But what makes the book stand out from so many of its ilk has a lot to do with both its setting – which is an unusual one for an historical – and the way Ms Shupe so perfectly describes the world inhabited by her characters. Anyone who has read Edith Wharton’s House of Mirth or Custom of the Country will recognise it immediately; its opulence, its snobbery, its zest for life and thirst for the new – and its innate conservatism when it comes to what women could and couldn’t do. Lizzie is a great character; a spirited young woman who wants more from life than just a socially advantageous marriage and who wants to use her talents in a fulfilling manner, she is nonetheless a woman of her time and not one of those “feisty”, contrary-on-purpose heroines who make me want to tear my hair out. Emmett is probably the more strongly drawn character of the two principals; intelligent, ambitious, and ruthless, he’s built himself up from nothing and doesn’t want to look back on his old life and recall what it’s cost him to get where he is. The fact that he sees nothing wrong in Lizzie’s ambitions only adds to his appeal and his determination to protect her, while perhaps a bit caveman-like at times, is undeniably attractive.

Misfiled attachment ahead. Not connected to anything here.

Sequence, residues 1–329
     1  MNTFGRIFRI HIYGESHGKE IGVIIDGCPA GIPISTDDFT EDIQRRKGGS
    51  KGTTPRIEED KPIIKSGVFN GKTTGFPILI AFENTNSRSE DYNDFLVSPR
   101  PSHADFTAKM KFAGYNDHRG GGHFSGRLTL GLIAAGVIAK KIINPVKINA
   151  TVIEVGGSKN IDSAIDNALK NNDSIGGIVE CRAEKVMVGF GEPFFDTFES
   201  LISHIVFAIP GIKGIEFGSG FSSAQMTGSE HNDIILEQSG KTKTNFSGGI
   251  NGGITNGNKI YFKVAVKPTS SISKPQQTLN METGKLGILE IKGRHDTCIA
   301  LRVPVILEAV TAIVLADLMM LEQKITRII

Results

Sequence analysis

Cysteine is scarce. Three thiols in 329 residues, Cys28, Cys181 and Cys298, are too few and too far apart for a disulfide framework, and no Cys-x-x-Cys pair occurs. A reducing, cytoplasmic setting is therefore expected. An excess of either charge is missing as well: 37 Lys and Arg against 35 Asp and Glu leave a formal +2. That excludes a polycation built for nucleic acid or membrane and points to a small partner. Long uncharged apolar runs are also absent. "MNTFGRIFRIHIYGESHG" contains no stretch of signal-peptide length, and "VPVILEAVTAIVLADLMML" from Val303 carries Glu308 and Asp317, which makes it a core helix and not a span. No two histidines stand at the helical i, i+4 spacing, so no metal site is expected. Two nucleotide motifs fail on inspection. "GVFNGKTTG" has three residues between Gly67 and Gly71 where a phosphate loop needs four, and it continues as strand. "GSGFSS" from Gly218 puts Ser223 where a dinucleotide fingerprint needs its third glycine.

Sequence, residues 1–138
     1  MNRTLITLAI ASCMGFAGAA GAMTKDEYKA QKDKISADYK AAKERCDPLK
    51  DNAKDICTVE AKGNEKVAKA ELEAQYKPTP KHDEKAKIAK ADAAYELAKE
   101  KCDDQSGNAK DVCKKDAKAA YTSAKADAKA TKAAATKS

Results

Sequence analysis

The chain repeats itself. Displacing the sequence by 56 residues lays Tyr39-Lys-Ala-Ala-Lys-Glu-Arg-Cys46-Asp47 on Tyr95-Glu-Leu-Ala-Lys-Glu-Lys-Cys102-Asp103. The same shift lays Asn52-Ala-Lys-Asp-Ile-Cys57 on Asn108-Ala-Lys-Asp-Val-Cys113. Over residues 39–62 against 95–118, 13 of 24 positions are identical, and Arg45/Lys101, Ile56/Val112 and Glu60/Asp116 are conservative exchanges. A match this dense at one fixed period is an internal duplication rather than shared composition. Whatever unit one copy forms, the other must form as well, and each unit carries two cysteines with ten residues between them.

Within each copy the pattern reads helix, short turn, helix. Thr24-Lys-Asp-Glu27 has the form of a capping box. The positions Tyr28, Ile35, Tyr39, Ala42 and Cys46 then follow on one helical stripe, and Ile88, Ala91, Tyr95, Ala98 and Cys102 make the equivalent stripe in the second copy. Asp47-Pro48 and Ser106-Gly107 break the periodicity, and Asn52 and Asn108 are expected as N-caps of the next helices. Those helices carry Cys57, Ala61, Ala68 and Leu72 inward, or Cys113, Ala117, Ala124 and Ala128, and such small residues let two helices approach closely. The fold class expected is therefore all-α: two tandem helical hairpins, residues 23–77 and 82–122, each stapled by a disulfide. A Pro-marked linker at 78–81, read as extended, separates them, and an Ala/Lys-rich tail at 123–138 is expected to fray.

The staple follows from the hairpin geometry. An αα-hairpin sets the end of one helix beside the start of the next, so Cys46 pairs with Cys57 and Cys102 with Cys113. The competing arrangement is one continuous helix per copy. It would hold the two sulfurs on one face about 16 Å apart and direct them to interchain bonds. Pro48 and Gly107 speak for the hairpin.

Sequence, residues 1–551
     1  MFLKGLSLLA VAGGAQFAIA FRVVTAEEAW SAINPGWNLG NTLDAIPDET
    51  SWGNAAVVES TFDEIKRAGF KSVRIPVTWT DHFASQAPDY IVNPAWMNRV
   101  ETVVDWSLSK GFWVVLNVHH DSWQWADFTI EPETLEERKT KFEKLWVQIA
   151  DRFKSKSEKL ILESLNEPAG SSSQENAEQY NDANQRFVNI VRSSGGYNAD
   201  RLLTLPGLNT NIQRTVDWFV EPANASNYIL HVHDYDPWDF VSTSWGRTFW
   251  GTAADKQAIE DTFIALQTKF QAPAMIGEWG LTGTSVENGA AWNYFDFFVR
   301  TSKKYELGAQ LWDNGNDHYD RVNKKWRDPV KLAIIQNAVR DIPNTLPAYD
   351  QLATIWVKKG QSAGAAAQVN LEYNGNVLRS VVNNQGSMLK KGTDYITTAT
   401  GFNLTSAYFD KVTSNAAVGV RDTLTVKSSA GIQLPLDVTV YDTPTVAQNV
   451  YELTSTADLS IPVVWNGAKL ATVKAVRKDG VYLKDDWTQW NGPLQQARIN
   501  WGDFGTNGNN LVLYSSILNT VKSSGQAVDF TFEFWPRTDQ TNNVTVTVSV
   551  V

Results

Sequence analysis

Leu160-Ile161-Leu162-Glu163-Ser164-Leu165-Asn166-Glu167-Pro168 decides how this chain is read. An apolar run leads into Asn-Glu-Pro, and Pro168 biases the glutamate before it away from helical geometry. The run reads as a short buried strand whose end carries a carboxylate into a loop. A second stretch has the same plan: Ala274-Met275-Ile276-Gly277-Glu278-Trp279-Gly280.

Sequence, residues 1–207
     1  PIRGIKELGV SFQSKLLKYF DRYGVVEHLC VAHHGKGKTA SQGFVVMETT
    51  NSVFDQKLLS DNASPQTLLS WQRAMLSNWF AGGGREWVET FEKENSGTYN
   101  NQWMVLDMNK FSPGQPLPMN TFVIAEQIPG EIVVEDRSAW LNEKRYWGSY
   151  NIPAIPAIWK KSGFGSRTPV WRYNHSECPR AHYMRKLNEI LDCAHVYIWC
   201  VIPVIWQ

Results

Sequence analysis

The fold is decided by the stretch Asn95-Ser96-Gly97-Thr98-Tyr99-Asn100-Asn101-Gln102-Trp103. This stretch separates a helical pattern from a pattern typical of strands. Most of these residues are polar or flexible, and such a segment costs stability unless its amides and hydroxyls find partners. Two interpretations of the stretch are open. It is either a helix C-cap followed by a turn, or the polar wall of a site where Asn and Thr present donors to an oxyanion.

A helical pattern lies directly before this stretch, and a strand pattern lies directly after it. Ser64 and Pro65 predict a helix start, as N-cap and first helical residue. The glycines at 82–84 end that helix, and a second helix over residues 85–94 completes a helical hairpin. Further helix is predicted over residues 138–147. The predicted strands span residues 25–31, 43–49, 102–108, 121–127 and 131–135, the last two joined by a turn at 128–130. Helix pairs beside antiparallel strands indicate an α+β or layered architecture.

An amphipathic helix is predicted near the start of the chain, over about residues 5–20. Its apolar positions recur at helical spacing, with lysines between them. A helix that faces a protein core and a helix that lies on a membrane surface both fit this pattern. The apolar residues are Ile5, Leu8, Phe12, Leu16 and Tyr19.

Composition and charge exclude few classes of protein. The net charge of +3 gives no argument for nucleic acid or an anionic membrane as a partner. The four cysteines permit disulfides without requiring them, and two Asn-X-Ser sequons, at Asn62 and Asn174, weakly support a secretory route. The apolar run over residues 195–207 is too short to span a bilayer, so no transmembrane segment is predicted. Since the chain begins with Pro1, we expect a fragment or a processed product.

The initial spark of attraction between Lizzie and Emmett smoulders nicely and the romance is well developed, giving the reader the sense of a real and strong emotional connection between them. One of my criticisms of Ms Shupe’s previous books was that there were too many side-plots going on to the detriment of the main story; so I was pleased to see that her focus here is very firmly on her central couple and their relationship. Her research into the period has clearly been extensive and there is enough information included about stocks, shares and the financial markets for it to be convincing, but not so much that it overshadows other aspects of the story. Overall, Magnate is a great read and in fact, for the first three-quarters of the book, I was sure I was reading a DIK. Unfortunately, however, the overly contrived misunderstandings and miscommunications that appear in the final few chapters knocked the final grade down a little. Even so, Ms Shupe is doing a great job of cementing her place among the new crop of historical romance authors and I’ll definitely be looking out for future books in this series.